Gina McKnight, Author, Freelance Writer, Equestrian, Blogger, and Poet! Welcome to my international blog about horses, writers, authors, books, cowboys, equestrians, photographers, artists, poets, poems, and more horses.
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Tuesday, May 31, 2016
F.I.T.S. (Fitness in the Saddle) by Jennifer Malott Kotylo
Movement and Body Awareness Specialist for Equestrians Jennifer Malott Kotylo will
be sharing her expert advice throughout the coming months! Welcome Jennifer!
I am a stickler about proper pelvic position Without your pelvis
in the proper position (both top to bottom and side to side) you lose your
ability to balance around your horse and to follow his motion.
Most of us (riders and non-riders alike) walk around with
misaligned pelvises and don't realize it. But when you look in the mirror are
your shoulders uneven? Have you been told that you have one leg longer than the
other? Do you have back and/or neck stiffness? Can you tum your head more
easily in one direction than the other? If you answered, "yes" to any
of these questions, the culprit may
be your pelvis.
So, how do you know if your pelvis may not be in the best
alignment? I'm going to give you a simple test that only takes you and a
full-length mirror. Stand facing away from the mirror approx. 5-6 feet with
your feet hip distance apart. (Please make sure that your feet are facing
straight forward, which means that your first toe - not your big toe – is
pointing towards the wall in front of you and that you are balanced equally
between the ball of your foot and your heel.} Slowly bend forward from your
waist and look between your legs. You should now be looking at your backside in
the mirror. Look at the top of your hips. They should be parallel to the floor,
not sloping to one side or the other. Congratulations if they are parallel. If
they are sloping, slowly shift your weight from one foot to the other until
your hips are even. Do you feel a pull or a cramp? This is just your body
telling you that it is out of balance muscularly. Slowly stand up.
Many different muscle groups can impact your pelvis' alignment. Here
we are going to focus on just one - the dreaded hamstrings. One of the most
effective ways I have found to get my hamstrings to let go is by working with a
Yamana Body Rolling Ball or Franklin Ball. (You don't have to have an authentic
Yamana or Franklin ball. Any ball approximately 10 inches in diameter, which is
strong enough to sit on and hard enough to exert some pressure on your muscles will
Before you start working your hamstrings, sit or lay on the
floor with your legs stretched out in front of you. Take a moment to feel the
sensation of your legs on the floor and to see if one leg appears longer than
Start by placing one seat bone or the other on the ball (#1). Use
your feet and hands to stabilize yourself. (You'll feel a bit like a crab.)
Begin to "massage" your seat bone with the ball by gently rolling
back and forth in both linear and circular patterns for 2 to 3 minutes.
(Depending on how tight you are this may be a bit uncomfortable. If it’s too
uncomfortable, try taking some of your weight off of the ball by supporting
yourself more with your hands and feet.)
Once you have worked the muscular
connections around your seat bone, slowly start to work the ball down the back
of your leg using circular and linear patterns (#2). Work the ball down to just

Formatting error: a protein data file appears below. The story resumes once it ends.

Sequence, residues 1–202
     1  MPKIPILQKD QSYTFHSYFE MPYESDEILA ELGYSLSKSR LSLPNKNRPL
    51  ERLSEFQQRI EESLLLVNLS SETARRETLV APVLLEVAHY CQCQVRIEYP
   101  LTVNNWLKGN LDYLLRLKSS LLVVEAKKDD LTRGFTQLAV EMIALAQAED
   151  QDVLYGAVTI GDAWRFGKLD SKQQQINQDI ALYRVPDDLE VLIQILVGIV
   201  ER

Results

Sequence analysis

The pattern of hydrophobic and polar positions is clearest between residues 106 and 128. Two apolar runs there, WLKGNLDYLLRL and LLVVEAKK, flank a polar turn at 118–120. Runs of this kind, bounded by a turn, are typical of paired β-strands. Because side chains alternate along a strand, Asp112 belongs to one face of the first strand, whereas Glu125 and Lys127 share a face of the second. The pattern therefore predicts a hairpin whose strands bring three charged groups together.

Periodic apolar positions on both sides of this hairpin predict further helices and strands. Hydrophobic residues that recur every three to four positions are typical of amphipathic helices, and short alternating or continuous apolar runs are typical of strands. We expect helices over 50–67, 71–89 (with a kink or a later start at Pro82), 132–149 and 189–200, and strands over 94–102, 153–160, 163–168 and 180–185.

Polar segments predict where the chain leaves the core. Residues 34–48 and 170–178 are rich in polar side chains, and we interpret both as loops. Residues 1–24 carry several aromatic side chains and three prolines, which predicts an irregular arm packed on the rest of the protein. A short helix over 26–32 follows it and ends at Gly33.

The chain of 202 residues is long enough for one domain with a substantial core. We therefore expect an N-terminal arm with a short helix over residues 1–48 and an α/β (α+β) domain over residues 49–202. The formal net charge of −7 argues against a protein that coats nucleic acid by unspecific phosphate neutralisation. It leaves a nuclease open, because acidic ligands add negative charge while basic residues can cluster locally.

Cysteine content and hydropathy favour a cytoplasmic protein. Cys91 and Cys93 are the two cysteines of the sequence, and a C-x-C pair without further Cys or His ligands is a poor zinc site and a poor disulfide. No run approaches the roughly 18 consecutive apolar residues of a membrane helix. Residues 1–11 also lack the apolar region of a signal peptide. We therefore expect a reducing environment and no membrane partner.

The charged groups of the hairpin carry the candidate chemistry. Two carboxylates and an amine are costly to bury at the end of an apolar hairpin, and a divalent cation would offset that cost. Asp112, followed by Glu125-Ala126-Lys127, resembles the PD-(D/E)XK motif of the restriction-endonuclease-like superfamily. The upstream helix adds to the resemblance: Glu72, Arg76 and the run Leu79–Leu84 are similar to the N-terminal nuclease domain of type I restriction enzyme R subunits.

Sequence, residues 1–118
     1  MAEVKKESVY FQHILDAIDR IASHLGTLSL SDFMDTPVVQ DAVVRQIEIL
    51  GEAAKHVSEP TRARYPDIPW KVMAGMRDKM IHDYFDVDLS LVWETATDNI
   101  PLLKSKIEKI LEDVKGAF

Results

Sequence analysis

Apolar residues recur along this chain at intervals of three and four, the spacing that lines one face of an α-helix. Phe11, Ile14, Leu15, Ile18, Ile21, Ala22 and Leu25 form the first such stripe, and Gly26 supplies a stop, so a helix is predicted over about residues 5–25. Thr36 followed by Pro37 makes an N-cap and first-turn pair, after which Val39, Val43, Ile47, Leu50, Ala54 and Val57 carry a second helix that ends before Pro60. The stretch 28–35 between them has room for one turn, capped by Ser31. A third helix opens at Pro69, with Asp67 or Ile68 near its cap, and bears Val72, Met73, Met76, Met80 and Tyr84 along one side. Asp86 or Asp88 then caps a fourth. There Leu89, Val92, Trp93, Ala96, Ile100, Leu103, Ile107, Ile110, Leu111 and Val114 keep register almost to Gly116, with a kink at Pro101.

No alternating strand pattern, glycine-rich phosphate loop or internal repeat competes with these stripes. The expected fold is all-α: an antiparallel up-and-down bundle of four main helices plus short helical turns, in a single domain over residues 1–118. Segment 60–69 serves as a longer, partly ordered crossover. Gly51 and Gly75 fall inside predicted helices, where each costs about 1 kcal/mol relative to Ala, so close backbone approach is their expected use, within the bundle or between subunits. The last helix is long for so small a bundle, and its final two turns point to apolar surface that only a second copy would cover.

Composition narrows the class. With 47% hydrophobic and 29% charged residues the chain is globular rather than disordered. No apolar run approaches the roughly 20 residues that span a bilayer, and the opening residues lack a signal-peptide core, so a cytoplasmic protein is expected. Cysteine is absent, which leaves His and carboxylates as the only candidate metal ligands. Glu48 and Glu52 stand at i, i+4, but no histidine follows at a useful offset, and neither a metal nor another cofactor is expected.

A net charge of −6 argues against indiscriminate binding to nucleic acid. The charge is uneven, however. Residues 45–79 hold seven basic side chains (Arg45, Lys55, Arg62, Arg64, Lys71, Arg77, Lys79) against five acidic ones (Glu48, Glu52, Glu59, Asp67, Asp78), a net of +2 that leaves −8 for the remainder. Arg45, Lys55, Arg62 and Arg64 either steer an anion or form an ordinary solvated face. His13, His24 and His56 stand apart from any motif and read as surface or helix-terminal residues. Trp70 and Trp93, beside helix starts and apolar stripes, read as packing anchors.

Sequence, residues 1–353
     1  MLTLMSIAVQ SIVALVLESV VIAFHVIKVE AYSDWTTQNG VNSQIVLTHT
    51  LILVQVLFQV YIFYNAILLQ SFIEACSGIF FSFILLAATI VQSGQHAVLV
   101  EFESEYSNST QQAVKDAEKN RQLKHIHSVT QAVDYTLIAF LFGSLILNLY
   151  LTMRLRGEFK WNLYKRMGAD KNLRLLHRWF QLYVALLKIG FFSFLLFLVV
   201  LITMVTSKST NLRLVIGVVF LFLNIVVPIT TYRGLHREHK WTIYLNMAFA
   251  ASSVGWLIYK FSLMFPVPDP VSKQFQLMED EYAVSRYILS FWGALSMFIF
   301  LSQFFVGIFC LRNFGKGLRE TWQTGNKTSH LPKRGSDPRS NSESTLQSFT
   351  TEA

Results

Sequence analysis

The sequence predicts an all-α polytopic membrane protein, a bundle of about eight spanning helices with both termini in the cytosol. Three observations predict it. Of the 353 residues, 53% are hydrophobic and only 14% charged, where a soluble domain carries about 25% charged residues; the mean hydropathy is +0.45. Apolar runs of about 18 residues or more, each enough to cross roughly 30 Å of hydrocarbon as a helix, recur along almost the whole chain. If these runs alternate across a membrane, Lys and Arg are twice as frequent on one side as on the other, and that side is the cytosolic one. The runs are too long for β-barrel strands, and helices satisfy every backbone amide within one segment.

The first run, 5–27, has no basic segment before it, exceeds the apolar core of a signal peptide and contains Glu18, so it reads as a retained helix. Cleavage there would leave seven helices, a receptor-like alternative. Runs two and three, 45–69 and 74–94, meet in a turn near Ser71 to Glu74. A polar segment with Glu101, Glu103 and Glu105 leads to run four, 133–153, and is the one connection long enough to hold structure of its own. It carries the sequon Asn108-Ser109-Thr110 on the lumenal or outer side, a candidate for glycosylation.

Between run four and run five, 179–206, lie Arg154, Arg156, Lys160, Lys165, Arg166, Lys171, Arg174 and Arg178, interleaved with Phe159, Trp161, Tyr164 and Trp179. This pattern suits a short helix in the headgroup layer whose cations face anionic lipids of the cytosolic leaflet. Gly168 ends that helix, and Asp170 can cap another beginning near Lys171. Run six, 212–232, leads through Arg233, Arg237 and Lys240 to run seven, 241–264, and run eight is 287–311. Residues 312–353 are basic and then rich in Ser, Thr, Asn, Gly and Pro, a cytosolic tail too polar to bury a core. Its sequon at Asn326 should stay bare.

above your knee and then back up to your seat bone.
Slowly slide off the ball and test your leg length and leg feel
again. If you are like most people, your "worked" leg will seem
longer and more in touch with the ground. Your hamstrings and their connections
to your seat bone and knee have been released. Proceed with your other leg,
starting at your seat bone and working your way down to your knee to even
yourself out. Check out your leg length and feel of the floor.
Next take the mirror test again. Hopefully you hips will be much
more in alignment. (Please note that if your hips were very unlevel and/or your
“leg length” was significantly different, do three sets of rolling - first with
the "shorter" leg, then the longer and then the shorter again. (Know
that it it's extremely rare that legs are actually of different length. What
appear as differing lengths is usually a pelvis torque.)
This simple release will help you sit more evenly on your seat
bones and allow your legs to hang in a more natural way around your horse
helping you to attain better balance and communication with your equine
I want to hear from you! Your health and fitness is just as
important as the health and fitness of your horse so e-mail me with any
questions or challenges you are facing!
Jennifer developed a passion for body awareness and
biomechanics while pursuing her lifelong quest of international level dressage
riding. She is a certified Core Dynamics Pilates Instructor, certified
Equilates teacher and certified Balimo practitioner. Jennifer is also the
creator of the DVD program “Improve Your Riding Through Movement.” No matter
what style of riding you are into – no matter what your experience level is and
no matter what your age may be, these DVDs will help you create a body that is
more flexible, safer in the saddle and one that can enjoy riding for years and
years to come. Jennifer is also a national speaker on both health and wellness
topics. To contact Jennifer, visit her website at: http://jenniferkotylo.com.
Note from Gina: Before beginning any new exercise program, consult with your health care professional. Do not exercise or extend beyond your physical condition; work slowly until you reach the level where you feel comfortable exercising and performing new movements. Through Jennifer's program you can become more agile in the saddle and enjoy flexibility all day long.